people had developed cancer and that six were stricken with leukemia
in the nearby village of Hongxiao, which is close to the plant and has
a population of 3,300.

The authorities said only six villagers had been given a diagnosis of
cancer since the start of last year.

Mia Li contributed research.

China closes solar-panel plant after protests

The solar-panel plant in the Chinese city of Haining was the target of
four days of demonstrations by villagers who said it was causing air
and water pollution. Its operator, JinkoSolar, apologizes.

By Jonathan Kaiman, Los Angeles Times
September 20, 2011

Reporting from Beijing?
Authorities ordered a solar-panel manufacturing plant in eastern China
to close after four days of protests by hundreds of villagers who have
accused the facility of causing air and water pollution, Chinese media
reported Monday.

The decision is an indication of the growing power of environmental
protesters to sway government policy in China. As many as 500
villagers participated in the protests near Haining, an industrial
city of 640,000 in coastal Zhejiang province.

The plant's operator, JinkoSolar, a New York Stock Exchange-listed
company, issued a public apology Monday.

"We cannot shirk responsibility for the legal consequences which have
come from management slips," Jing Zhaohui, a company representative,
said at a news conference. Calls to JinkoSolar Holding Co. went

Since the beginning of the protests, 20 people have been arrested on
charges of destruction of property, robbery and disturbing public
order, the Haining government said in a news release Monday.
Protesters damaged eight company cars and four police cars Friday
after police attempted to forcibly disperse the crowd, according to
the release.

Protesters had demanded an explanation for a large number of dead fish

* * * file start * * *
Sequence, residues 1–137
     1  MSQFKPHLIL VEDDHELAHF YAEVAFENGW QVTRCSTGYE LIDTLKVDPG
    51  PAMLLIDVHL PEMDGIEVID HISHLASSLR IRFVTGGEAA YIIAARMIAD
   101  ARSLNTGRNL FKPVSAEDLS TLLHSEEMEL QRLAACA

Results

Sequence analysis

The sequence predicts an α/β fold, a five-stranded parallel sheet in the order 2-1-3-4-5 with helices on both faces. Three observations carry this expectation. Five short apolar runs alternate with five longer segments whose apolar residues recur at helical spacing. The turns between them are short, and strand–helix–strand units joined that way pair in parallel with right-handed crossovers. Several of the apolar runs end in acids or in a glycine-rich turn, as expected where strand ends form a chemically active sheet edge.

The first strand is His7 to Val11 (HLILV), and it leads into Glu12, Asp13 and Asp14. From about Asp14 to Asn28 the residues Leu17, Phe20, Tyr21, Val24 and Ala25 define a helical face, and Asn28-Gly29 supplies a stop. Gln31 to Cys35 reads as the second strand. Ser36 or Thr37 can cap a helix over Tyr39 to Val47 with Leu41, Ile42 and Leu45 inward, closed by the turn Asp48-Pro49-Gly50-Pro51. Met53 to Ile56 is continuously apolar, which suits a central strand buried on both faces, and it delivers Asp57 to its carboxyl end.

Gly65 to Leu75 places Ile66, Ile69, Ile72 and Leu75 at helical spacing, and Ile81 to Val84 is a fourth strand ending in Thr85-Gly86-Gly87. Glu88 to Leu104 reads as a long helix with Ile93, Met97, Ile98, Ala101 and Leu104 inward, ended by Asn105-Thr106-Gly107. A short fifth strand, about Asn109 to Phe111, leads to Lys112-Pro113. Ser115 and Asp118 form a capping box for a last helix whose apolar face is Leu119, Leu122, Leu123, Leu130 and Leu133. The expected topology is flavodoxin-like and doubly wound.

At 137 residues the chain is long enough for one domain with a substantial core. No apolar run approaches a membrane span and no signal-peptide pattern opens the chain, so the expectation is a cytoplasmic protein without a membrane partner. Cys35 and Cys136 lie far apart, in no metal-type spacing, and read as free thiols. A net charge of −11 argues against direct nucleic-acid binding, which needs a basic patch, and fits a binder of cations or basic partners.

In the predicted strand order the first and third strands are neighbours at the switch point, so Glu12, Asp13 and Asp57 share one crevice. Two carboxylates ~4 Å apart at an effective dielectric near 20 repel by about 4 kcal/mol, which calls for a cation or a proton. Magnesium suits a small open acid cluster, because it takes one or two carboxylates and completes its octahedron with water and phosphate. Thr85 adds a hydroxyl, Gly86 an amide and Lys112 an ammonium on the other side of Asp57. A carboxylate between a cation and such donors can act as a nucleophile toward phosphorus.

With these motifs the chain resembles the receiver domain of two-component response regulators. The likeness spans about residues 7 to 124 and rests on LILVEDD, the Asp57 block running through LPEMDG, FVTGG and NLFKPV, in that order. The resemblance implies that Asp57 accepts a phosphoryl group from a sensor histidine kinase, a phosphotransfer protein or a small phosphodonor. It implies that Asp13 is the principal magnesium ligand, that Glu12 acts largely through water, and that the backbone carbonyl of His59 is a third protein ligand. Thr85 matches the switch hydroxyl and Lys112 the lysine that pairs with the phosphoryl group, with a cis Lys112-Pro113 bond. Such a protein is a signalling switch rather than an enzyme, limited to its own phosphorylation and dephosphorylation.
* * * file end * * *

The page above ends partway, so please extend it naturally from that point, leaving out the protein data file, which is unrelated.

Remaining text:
found last month in a nearby river. Tests by the local environmental
protection bureau found that the plant was emitting high amounts of
fluoride, which can be toxic if it exceeds certain levels. According
to state media, the factory had been failing pollution tests since

"Since they set up their operations here, there has definitely been an
impact on the villagers here.... This pollution is definitely harmful
to us," a local man told Reuters news service. State media also quoted
villagers as complaining of harmful emissions from the factory's dozen

In addition to the order to halt production lines emitting potentially
harmful waste, the government has fined the plant about $74,000.

Chinese media have shown a surprising degree of boldness in reporting
the incident. Reporters from a Zhejiang television station alleged
that factory security guards attacked their production crew and
destroyed a video camera. In response, the factory issued an on-air
apology to the reporters and promised to fire the security guards, who
it said were temporary employees.

The government has taken a characteristically firm stance on the use
of Twitter-like microblogging services, which it fears as a potential
engine of social unrest. Haining authorities detained one man on